A front-page commentary in the prestigious Madrid daily El Pais yesterday compared Spain as it heads toward general elections this week to Nobel Prize winner Gabriel Garcia Marquez's most recent book, "Chronicle of an Announced Death."
Everyone in the book, except the victim, knows a man is about to be assassinated. No one wants him to be killed, but no one does anything to stop it.
The title of the commentary, written by El Pais Editor Juan Luis Cebrian, was "The Announced Coup."
"We all know that a crime is being prepared," Cebrian wrote. "We pretty much know who the protagonists are, the place and the time. But what is being done about it?"
After 40 years of dictatorship, Spain's seven-year-old democracy still seems remarkably fragile. Spaniards speak of their Army, still largely identical in personnel and philosophy to the force that ruled under Francisco Franco, as an entity apart, an immutable fact of life that is neither to be understood nor tamed.
Coup plots are regularly rumored, and occasionally declared uncovered by the outgoing centrist government. To a large extent, the perceived willingness of a political party or leader to welcome or tolerate a coup defines the electoral debate -- the front-running Socialists led by Felipe Gonzalez regularly denounce their adversaries to the right, led by former Franco minister Manuel Fraga of the Popular Alliance, as golpistas, or coup-makers.
But although the Socialists, the minority Communists and much of the center rail against the apparent timidity of the government as it occasionally arrests a few officers, transfers a few others and declares the threat contained, no one seems seriously to expect more to be done.
Instead, the advocates of democracy here, by most accounts the vast majority of Spaniards, have chosen to deal with the threat indirectly. During the brief three-week campaign that will end with Thursday's vote, they have thrown themselves into partisan rallies, meetings, discussions of issues and exhortations to get out and vote.
"A high level of abstention could facilitate demagoguery," Cebrian warned. "The mobilization of the people is always the only valid response to those who provoke, and, in a democracy, elections are the most genuine, effective and peaceful kind of mobilization."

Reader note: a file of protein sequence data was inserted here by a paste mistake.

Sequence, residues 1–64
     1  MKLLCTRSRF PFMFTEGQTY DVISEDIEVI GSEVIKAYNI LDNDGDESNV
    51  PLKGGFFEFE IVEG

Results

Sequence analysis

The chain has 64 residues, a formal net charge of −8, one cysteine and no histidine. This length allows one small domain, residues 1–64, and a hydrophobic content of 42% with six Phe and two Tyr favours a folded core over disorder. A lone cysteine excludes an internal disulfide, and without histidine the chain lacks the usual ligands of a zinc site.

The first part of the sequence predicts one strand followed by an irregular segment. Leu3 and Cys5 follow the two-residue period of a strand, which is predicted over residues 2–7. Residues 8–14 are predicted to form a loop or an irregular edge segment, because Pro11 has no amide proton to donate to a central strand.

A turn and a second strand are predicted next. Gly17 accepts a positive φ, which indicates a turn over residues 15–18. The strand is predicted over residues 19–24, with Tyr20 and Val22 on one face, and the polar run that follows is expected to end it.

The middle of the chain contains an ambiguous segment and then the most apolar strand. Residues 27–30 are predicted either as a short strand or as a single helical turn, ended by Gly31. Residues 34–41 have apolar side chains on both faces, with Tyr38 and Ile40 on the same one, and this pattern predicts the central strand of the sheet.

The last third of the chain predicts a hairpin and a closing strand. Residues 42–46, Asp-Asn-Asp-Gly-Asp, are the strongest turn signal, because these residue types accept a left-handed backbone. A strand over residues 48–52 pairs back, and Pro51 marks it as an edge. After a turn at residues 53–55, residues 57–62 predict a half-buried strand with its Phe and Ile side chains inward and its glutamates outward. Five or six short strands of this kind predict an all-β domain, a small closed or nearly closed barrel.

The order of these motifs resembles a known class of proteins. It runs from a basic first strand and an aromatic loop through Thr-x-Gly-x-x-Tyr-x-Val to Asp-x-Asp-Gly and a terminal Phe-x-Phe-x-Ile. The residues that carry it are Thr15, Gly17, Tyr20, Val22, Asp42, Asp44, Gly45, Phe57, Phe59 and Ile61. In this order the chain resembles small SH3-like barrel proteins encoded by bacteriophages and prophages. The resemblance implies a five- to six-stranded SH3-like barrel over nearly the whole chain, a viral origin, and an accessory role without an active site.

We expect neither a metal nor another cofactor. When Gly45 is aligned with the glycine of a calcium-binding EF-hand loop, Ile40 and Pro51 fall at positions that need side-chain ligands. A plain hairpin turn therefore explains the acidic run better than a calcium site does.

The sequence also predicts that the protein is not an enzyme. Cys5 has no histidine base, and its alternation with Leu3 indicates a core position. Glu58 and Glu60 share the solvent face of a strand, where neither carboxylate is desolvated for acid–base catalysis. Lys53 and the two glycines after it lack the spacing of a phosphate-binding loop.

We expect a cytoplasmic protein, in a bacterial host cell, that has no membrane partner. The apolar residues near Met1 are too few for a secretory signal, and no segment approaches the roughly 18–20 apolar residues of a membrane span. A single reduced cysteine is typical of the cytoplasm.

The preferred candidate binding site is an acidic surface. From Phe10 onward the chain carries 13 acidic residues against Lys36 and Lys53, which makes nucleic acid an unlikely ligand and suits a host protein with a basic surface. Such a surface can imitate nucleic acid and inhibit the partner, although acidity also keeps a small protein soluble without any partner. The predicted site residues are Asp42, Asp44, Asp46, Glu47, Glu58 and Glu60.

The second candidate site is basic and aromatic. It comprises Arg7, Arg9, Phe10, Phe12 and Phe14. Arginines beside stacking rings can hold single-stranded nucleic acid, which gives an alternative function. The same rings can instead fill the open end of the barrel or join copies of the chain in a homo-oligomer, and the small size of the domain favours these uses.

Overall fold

"The reason why so many people are going to vote for Felipe Gonzalez," one Spanish woman of conservative leanings said disdainfully, "is because he's handsome."
The 40-year-old Socialist candidate has changed his image considerably since his emergence from Franco-inspired clandestineness seven years ago, when he was identified by longish, untamed hair curling over an open collar. Today, the Socialist leader wears suits, and the image he wants to present is that of youthful capability -- "a husband and a lover," says Alfonso Guerra, his adviser and alter ego.
In the absence of long political records, most of the campaign to head Spain's next government appears to be based less on ideology than on image -- youth versus experience, change versus stability, energy versus inertia.
At a debate last Friday evening among five local candidates for Madrid seats in the Cortes, or parliament, the speakers were conveniently seated according to their political persuasions. On the audience's far left was Communist Juan Pla, a heavily bearded, serious-looking young man. Next came Socialist Javier Solana, his beard shorter and more neatly clipped. A young physics professor with U.S. training, Solana wore plaid and smiled frequently.
Seated in the center were Jose Maria de Areilza, a subdued, prosperous-looking elderly man representing the governing Union of the Democratic Center (UCD), whose disintegration this year as defectors moved left and right provoked the early elections, and Rafael Calvo Ortega, whose Social Democratic Center party was formed by UCD drop out and former prime minister Adolfo Suarez.
A man who held several posts under Franco, including mayor of Bilbao in the often violent Basque country, Areilza represents the "transition" -- the period of Union of the Democratic Center rule bridging the gap between Franco and Spain's future, a gap the Socialists argue should come to an end. Calvo Ortega, like Suarez an attorney, said little during the debate.